June 28, 2022


App trap: ‘Chloe’

By Craig Mathieson
Image of Erin Doherty as Becky Green in Chloe. Image supplied

Erin Doherty as Becky Green in Chloe. Image supplied

‘Sex Education’ writer Alice Seabright’s new psychological thriller probing social media leads this month’s streaming highlights

Television shows have been trying to represent the impact of the smartphone and social media for several years now, whether by stacking heart-shaped likes across the screen or turning text exchanges into vivid pull quotes. But until Chloe (Amazon Prime), a compulsive British thriller about the malleability of identity, the emotional impact of such technology has been muted. The defining image of the compact limited series is the rapt face of Becky Green (Erin Doherty), devouring an Instagram-like feed that supplies both the focus and the fantasy to her own flailing life. Watching her mother, Pam (Lisa Palfrey), disappear due to early-onset dementia, Becky gets sustenance from the account of Bristol influencer Chloe Fairbourne (Poppy Gilbert). When Chloe is found dead, Becky can’t help inserting herself into Chloe’s grieving circle to search for answers.

Created by Alice Seabright (Netflix’s Sex Education), Chloe is a juicy psychological drama that is willing to stoke the plot, adding excruciating tension and sudden twists. In giving herself a new identity that’s attractive to Chloe’s friends and grieving husband (Billy Howle), Becky is not just an infiltrator, she’s creating the life she’s always wanted. Her con has a measure of truth, with Becky’s discoveries about Chloe’s true life matched to details from Becky’s own unacknowledged past. It works so enjoyably well because Doherty, who was a flinty Princess Anne in The Crown, layers curiosity and self-loathing, social anxiety and a thief’s nerve, into her portrayal of a young woman who doesn’t believe any of the narratives society has offered her generation. Becky keeps her face neutral, like a screen waiting to project whatever feed gets loaded next. The show is digital pulp: there’s all kinds of intricate coding here.

Rote biopics about classic rock artists have become the Hollywood norm, but Pistol (Disney+) is a mishap for a different era of music: it renders punk rock uninspiring and doctrinaire. Adapted with considerable liberty by long time Baz Luhrmann collaborator Craig Pearce from the 2017 memoir by Sex Pistols guitarist Steve Jones, the limited series turns the group’s cataclysmic rise and fall into an orderly tale of inspiration and struggle. Director Danny Boyle adds his trademark energy to the depiction of a stagnant mid 1970s Britain, but the idea that the band who unleashed Anarchy in the U.K. saw themselves as a corrective force is deeply flawed. The one actor who transcends their character’s scripted limitations is Thomas Brodie-Sangster, who vividly brings to life the impish machinations of the group’s manager, Malcolm McLaren.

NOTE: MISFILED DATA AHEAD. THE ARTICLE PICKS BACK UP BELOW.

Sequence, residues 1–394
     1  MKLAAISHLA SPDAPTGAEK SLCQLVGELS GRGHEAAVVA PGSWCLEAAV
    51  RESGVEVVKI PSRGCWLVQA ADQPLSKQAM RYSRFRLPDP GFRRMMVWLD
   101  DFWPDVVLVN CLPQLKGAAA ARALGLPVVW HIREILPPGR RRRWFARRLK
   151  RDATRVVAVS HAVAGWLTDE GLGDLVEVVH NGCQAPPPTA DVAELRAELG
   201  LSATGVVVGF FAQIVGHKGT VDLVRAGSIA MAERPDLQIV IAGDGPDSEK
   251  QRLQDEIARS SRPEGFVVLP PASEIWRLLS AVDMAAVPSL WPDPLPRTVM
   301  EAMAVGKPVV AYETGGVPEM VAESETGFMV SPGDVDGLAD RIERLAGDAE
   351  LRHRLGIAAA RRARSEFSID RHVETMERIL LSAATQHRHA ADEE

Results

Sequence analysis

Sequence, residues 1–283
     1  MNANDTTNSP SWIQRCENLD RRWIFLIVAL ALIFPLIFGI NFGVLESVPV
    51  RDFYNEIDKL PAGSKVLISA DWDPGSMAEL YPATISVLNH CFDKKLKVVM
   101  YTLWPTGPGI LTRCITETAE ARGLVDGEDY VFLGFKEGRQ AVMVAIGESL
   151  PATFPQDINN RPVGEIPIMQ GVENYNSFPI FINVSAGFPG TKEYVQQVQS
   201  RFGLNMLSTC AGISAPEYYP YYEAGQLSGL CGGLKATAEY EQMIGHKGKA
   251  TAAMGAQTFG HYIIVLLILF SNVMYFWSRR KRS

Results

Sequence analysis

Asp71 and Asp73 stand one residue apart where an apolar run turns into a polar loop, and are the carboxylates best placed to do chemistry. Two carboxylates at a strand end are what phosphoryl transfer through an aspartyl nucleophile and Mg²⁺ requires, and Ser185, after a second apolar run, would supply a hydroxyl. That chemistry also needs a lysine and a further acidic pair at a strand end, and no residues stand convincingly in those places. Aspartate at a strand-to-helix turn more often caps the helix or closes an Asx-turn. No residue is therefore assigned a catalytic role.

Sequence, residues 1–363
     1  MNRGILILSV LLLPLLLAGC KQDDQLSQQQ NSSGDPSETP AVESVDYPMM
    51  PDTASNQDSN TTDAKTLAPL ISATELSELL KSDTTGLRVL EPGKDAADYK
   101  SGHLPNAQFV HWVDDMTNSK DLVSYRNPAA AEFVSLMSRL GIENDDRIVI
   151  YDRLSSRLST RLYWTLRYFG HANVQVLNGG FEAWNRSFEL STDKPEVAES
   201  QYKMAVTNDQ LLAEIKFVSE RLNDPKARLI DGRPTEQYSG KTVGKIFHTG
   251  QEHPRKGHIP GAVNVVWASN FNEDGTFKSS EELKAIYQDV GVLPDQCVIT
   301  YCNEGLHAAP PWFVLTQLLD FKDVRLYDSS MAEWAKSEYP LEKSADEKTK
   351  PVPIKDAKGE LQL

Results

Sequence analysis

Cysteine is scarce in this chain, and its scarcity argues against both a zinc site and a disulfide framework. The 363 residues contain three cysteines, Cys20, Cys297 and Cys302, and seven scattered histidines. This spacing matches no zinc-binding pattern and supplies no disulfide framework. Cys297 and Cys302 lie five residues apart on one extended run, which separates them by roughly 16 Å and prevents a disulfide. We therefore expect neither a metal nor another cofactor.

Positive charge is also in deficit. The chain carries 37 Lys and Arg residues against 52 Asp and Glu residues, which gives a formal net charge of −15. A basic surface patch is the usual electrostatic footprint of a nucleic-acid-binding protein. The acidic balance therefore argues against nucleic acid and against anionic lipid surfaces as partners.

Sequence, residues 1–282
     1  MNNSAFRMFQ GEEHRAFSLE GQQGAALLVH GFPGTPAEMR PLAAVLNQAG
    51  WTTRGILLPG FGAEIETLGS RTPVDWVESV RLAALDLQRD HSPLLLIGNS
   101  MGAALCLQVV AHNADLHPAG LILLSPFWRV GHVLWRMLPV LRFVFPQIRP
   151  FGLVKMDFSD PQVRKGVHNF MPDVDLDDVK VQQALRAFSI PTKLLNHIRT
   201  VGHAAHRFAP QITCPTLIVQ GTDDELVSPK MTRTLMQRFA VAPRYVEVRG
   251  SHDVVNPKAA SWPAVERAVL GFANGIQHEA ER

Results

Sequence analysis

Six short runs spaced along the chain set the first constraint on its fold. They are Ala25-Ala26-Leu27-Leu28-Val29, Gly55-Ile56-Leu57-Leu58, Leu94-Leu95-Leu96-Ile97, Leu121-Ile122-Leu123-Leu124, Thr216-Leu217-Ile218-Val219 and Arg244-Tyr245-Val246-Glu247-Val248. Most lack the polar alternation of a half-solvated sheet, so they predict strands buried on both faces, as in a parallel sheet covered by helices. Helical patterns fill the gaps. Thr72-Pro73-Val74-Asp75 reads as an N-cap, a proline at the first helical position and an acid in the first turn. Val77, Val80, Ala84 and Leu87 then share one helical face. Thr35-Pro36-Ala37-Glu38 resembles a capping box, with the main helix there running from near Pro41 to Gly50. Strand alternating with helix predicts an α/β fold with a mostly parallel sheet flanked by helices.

Loot (Apple TV+) mostly manages to thread the finest of 2022 needles, with Maya Rudolph garnering laughs and a measure of empathy for a character who is the third wealthiest woman in America. Drenched in a luxury that is presented with aspirational lust, Rudolph’s Molly Wells is newly divorced from a tech titan (Adam Scott) and unfulfilled by global decadence. When she decides on a whim to work at the Los Angeles charity foundation that she’s ignored for seven years, Molly encounters the no-nonsense director, Sofia (Michaela Jaé Rodriguez), and an idiosyncratic cross-section of employees. The show’s politics are resolutely personal, but as with the wonderful sitcom Parks and Recreation, for which Loot creators Matt Hubbard and Alan Yang both wrote, there’s a giddy energy and misfit warmth to these half-hour episodes. Score one for inequality’s PR team.

In brief: Tudor-era period dramas are a recurring topic for storytellers, but Becoming Elizabeth (Stan), in which the future Elizabeth I (Alicia von Rittberg) has to survive a viper-pit teenage upbringing upon the death of her father, Henry VIII, distinguishes itself by matching an electric intimacy to the Machiavellian power grabs. Despite the familiar outlines of a Marvel streaming series, the enjoyable Ms. Marvel (Disney+) manages to be a superpowered coming-of-age tale, with a Muslim Pakistani-American teenager, Kamala Khan (a terrific Iman Vellani), transcending the spaces that society has squeezed her into. A decade after it last aired, political junkies and fans of Nordic drama can again savour the corridors of Danish power with the return of Borgen (Netflix). In the fourth series, international geopolitics trump the minutiae of domestic policy, but Sidse Babett Knudsen’s portrayal of former prime minister Birgitte Nyborg, now the foreign minister in a coalition government, is a fascinating portrait of a female politician increasingly torn between her beliefs and the exercise of power. The season moves fast, but the questions it asks linger.

Craig Mathieson

Craig Mathieson is a television critic for The Age and The Sydney Morning Herald, an author, and the creator of the Binge-r streaming newsletter.


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